In-depth Reviews

SEAT Arona SUV - Engines, drive & performance

The SEAT Arona offers decent agility and strong performance, but falls short of delivering fun

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4.2 out of 5

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Engines, drive & performance Rating

4.0 out of 5

Unlike some compact SUVs, the Arona doesn't offer four-wheel drive, nor any kind of off-road traction-control system. If you're looking for a family car that'll take you off the beaten track, the Citroen C3 Aircross or Peugeot 2008 will suit you better thanks to their 'Grip Control' system, while a Jeep Renegade can offer proper four-wheel drive and real off-road ability.

Tarmac is the Arona's home territory, and here it acquits itself well. The steering is precise and nicely weighted – there's not a lot of feedback and it can feel a bit uninvolving, although you quickly learn how much lock is required when cornering. The Arona can be driven through fast turns with some vigour, eventually running wide if you overstep the mark.

That takes some doing, though, and your passengers will become anxious long before you reach the Arona's roadholding limits. Even in spirited driving, the body feels neatly controlled and resists leaning into corners. It behaves very much like a taller, heavier SEAT Ibiza – essentially what the Arona is. It’s sharper and more fun than the Citroen C3 Aircross or MG ZS, and while it’s firmer than the smooth Citroen, it still rides bumps in a controlled manner.

Don't expect the SEAT 'drive profile' system to convert the Arona into a snarling sports car – it only affects the extent of power-steering assistance and how quickly the throttle reacts. We've not yet tested the Dynamic Chassis Control system that'll be available on UK cars, but the standard FR model offers a decent compromise between comfort and agility without relying on extra technology.

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While the FR's sports suspension lends it greater stability in corners and further reduces the Arona's already well-contained body lean, it does highlight how little communication the steering offers. As a result, enthusiasts might find driving the FR quickly on a winding road a slightly underwhelming experience.

SEAT Arona petrol engines

Petrol buyers get a wider choice than those who want a diesel engine under the bonnet, and the petrols also make the most sense for those who do lots of short or urban journeys. That said, they're impressively economical, too, and won't cost the earth when making long motorway trips.

The range opens with a 94bhp, three-cylinder 1.0-litre TSI that comes with a five-speed gearbox. A 113bhp version comes next, with a six-speed manual and the option of DSG automatic transmission. It pulls strongly at all speeds, accelerating strongly from rest to reach 62mph in just under 10 seconds and makes effortless progress when joining fast-moving motorway traffic. There's little of the delayed response that turbocharged engines often suffer from, either. The DSG automatic is one of the best in its class, with smooth and snappy changes, although it can be a little jerky while parking.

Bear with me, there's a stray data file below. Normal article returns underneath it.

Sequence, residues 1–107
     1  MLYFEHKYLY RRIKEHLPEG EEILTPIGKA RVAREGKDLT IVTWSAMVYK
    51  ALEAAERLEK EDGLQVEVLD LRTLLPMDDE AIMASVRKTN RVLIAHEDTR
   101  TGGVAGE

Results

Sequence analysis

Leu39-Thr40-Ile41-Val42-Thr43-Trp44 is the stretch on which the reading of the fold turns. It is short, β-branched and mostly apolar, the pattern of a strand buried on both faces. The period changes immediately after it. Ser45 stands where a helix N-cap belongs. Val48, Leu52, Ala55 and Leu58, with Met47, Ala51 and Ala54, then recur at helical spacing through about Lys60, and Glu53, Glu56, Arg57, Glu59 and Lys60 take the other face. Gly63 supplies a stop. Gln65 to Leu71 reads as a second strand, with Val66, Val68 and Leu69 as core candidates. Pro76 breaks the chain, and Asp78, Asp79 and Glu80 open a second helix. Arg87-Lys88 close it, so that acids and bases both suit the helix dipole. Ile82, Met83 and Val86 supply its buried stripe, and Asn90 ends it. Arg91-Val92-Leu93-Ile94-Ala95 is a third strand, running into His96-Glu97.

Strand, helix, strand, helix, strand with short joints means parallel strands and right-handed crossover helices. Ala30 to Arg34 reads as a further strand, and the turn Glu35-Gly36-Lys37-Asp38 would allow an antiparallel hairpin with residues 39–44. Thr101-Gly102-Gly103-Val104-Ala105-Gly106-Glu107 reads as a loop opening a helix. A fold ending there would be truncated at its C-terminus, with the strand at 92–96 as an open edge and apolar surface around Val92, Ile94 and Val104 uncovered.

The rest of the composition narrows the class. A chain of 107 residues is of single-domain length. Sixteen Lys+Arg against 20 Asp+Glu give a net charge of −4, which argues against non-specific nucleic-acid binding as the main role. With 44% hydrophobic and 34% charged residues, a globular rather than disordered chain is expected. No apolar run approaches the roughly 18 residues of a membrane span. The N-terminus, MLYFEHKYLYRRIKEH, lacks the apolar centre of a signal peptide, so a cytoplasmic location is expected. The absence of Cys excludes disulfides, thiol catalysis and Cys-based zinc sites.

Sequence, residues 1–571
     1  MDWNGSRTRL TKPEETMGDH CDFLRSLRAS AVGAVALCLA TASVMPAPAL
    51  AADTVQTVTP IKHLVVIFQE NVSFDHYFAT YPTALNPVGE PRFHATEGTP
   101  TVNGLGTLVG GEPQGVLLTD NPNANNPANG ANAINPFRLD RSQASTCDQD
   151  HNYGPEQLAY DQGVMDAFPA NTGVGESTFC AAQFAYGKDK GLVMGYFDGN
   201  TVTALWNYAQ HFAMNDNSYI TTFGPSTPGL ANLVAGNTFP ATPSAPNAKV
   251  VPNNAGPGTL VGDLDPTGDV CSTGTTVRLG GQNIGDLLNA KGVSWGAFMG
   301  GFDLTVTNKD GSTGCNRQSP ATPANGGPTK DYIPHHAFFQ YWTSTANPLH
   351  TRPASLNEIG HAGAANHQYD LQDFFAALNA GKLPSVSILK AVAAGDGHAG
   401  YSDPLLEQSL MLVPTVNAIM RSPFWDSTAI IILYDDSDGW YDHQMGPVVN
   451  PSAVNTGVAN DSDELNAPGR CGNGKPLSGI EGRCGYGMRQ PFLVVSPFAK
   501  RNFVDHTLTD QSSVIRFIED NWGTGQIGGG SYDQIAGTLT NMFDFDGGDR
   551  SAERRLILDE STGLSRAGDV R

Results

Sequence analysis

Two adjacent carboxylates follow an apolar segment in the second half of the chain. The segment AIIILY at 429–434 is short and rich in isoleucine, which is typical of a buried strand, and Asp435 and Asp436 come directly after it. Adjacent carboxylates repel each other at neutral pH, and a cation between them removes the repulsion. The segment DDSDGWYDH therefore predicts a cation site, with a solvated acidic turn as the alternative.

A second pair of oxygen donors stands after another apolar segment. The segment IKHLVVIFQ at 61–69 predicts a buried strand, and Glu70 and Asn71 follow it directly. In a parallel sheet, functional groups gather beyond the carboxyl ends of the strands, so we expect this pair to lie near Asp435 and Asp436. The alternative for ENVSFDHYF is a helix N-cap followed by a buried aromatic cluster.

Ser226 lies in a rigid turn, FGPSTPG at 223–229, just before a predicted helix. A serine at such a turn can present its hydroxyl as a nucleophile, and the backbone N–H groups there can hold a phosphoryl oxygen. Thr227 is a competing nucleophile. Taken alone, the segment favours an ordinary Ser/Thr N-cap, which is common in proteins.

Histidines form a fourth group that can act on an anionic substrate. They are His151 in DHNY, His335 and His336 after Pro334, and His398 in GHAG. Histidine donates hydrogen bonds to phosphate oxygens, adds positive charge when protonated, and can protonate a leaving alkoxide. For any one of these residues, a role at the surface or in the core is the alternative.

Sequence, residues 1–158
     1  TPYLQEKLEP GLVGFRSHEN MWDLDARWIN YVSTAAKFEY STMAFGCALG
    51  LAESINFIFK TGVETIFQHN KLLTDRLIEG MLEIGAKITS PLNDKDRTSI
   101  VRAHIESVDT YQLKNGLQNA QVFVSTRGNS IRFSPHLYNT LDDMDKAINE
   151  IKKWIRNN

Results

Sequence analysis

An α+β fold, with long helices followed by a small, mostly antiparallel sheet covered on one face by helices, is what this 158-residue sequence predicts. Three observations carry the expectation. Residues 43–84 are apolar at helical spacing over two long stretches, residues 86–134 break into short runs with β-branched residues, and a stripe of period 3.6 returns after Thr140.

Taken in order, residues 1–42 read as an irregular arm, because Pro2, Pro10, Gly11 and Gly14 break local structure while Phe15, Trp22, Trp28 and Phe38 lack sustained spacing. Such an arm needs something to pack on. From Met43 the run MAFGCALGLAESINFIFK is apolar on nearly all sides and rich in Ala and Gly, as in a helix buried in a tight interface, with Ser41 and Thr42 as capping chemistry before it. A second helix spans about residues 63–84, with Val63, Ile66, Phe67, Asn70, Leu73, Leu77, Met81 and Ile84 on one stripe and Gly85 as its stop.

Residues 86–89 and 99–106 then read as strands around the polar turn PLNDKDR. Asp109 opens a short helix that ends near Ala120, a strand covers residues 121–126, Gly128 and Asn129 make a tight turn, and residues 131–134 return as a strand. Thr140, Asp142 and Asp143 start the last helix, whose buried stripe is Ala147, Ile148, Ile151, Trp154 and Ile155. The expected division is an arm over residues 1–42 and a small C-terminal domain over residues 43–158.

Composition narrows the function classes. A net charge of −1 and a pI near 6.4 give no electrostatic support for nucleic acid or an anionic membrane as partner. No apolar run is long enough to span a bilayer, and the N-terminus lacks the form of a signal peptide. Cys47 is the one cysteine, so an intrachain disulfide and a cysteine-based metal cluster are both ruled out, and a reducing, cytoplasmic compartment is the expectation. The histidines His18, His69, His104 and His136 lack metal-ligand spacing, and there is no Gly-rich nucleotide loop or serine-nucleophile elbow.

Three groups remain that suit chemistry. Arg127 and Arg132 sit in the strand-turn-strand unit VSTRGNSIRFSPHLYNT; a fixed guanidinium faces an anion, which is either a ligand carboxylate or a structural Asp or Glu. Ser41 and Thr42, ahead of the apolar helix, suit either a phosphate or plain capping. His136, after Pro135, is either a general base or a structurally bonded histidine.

Once up to motorway speed and in top gear, the engine becomes fairly subdued, but still has the tonal character of a three-cylinder engine, with a distinctive and noticeable thrum. The noise inside the car is actually from the wind rushing past the mirrors, rather than from the engine, and it’s more refined than a C3 Aircross. The only real way the engine registers with the driver is through mild vibration in the accelerator pedal.

The 1.5-litre four-cylinder engine is reserved for FR and FR Sport models, where its 148bhp gels with these models' sporty looks. It is, of course, noticeably more powerful than the 1.0-litre, but feels solidly powerful rather than breathtakingly fast. It certainly makes life more relaxing, though, with more power available instantly no matter which gear you're in.

The Arona's gearbox has an easy and positive shift action, but doesn't like to be rushed, and can feel cumbersome if you try to rush from one gear to the next. The 1.5-litre engine minimises this frustration because you won't find yourself needing to change gear quite so frequently.

Diesel engines

Those who expect to cover in excess of 12,000 miles or so a year might find the 1.6-litre diesel to be the sensible choice, thanks to its impressive fuel consumption, but it’ll still take a while to offset its higher purchase price. It’s now only available with 94bhp, since the more powerful 113bhp version was discontinued in 2019. Refinement takes a slight knock with the diesel fitted, but the Arona still drives with little body lean and smooth gearshifts. It has a decent amount of pulling power, providing the Arona with enough pace for overtaking slower traffic.

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